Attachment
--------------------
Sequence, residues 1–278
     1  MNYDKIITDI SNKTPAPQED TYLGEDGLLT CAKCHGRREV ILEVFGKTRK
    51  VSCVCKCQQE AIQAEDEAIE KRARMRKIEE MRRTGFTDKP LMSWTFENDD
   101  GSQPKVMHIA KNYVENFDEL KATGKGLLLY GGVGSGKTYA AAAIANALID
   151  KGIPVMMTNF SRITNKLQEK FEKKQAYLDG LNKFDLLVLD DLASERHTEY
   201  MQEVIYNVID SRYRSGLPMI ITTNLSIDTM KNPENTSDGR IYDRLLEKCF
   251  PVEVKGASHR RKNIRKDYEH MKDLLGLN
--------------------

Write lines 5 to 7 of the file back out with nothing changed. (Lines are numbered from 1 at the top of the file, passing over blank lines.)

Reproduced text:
   151  KGIPVMMTNF SRITNKLQEK FEKKQAYLDG LNKFDLLVLD DLASERHTEY
   201  MQEVIYNVID SRYRSGLPMI ITTNLSIDTM KNPENTSDGR IYDRLLEKCF
   251  PVEVKGASHR RKNIRKDYEH MKDLLGLN